The Midwest economy is expected to continue to grow slowly this year, with the Rural Mainstreet Index climbing for the fifth time in the past six months, Creighton University economist Ernie Goss said Thursday.
The index grew to 58.2 from 55.6 in January. The index, which is based on a survey of rural bankers in 10 states, ranges between 0 and 100, with 50 representing growth neutral.
February's index was down slightly from this time last year, said Goss, who created the survey with Bill McQuillan, president of CNB Community Bank of Greeley, Neb., but he expects that economic growth for the region to continue on a slow but positive pace.
“Based on our surveys over the past several months,” Goss said, “2013 is stacking up to be a good year for farm income, according to bankers. This is showing up in healthy growth in farmland prices and the sales of farm equipment.”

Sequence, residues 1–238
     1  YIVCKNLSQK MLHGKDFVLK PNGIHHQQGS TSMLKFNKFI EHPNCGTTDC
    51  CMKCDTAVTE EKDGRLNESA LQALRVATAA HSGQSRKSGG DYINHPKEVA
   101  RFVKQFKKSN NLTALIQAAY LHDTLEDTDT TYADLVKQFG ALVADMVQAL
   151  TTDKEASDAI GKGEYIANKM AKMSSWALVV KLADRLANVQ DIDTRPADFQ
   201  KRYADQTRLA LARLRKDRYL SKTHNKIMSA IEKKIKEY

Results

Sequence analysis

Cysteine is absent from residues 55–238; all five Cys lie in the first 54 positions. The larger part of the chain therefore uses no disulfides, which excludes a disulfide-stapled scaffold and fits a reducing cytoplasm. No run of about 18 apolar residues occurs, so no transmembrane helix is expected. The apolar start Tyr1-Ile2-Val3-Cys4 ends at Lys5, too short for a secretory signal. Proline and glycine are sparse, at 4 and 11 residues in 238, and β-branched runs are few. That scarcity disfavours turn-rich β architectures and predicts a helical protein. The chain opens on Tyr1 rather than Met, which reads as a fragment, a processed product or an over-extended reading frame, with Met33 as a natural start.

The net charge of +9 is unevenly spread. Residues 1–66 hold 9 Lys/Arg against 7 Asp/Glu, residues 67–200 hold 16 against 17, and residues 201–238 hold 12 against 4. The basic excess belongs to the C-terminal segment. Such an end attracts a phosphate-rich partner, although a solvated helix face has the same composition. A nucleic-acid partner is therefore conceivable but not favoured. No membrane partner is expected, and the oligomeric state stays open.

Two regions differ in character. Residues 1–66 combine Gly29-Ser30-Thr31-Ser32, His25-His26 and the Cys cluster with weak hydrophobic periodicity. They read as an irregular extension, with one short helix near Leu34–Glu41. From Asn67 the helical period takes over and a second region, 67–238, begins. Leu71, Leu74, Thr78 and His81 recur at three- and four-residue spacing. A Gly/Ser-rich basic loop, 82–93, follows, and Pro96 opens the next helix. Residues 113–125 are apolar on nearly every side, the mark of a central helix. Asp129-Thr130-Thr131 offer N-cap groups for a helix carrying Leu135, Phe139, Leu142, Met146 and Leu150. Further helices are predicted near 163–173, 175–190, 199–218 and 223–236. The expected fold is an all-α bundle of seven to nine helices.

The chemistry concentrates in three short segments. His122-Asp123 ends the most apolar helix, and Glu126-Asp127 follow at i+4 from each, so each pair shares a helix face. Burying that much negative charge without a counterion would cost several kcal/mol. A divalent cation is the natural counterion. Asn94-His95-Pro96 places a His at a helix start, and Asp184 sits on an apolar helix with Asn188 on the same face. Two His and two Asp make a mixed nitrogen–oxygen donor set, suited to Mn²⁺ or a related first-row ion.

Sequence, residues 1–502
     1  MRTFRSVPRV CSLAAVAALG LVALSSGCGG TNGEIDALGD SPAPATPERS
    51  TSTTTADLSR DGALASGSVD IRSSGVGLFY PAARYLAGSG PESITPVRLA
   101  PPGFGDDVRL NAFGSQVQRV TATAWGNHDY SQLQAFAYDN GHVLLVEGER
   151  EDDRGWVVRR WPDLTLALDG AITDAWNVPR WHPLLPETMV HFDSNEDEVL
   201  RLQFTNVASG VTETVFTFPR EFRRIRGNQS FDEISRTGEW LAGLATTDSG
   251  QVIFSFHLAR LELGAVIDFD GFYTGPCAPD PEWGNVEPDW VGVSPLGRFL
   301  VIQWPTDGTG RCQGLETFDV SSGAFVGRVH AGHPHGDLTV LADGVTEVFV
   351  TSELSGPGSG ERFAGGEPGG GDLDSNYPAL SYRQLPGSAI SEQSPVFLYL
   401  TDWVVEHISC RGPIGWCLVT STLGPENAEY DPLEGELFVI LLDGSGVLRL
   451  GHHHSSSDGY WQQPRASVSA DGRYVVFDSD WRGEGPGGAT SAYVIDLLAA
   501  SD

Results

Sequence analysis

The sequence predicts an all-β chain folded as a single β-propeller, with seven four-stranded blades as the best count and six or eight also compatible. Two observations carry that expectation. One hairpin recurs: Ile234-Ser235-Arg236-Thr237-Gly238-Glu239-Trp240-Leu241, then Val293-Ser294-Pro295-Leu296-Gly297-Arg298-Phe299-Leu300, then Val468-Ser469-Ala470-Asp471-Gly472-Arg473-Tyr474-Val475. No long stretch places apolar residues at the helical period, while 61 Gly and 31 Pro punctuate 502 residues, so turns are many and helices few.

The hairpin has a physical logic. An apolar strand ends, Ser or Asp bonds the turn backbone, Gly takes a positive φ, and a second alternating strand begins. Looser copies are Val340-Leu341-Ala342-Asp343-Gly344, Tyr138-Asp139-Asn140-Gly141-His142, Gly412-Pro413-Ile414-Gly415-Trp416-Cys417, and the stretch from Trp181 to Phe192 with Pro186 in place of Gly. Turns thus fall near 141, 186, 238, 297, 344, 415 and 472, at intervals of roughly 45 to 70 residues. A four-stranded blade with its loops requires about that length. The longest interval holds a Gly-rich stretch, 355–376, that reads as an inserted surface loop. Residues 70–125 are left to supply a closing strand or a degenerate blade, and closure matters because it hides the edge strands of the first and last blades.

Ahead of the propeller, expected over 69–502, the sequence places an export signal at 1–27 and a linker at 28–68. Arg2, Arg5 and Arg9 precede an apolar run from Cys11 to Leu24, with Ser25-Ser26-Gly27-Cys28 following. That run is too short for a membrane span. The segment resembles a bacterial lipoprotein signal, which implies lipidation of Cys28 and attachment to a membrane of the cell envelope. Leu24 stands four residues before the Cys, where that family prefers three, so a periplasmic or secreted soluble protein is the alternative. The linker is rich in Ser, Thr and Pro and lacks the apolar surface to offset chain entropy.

The farm equipment sales index grew to 65.8 from 63.8, while the farmland price index declined for the third straight month while remaining above growth neutral for the 37th consecutive month at a still-strong 67. It was 71.5 in January.
The confidence index, which reflects a six-month forecast, dipped to 51.7 from 55.5. Goss said the failure to pass a new farm bill and the impending spending sequestration combined to lower confidence in future Rural Mainstreet economic growth.
Bankers surveyed cautioned that low corn prices could threaten farmers' ability to repay loans. On average, they reported that corn prices below $3.86 would threaten loan repayments and a break even corn price for farmers that rent their land would be $4.84 per bushel.
“Farmers should be very cautious in 2013 and 2014 and be conservative from an economic standpoint,” said Dale Bradley, CEO of The Citizens State Bank, in Miltonvale Kan.
Nebraska's index grew to 52.7, up from 48.8. The state's farmland price index decreased to 60.7 from 66.2 in January, while its new hiring index increased to 48.3 from 47.1.
Iowa's index increased slightly to 59.8 from 59. Its farmland price index dropped to 70.4 from 75.4 and its new hiring index for February bumped up to 54.7 from 53.2.
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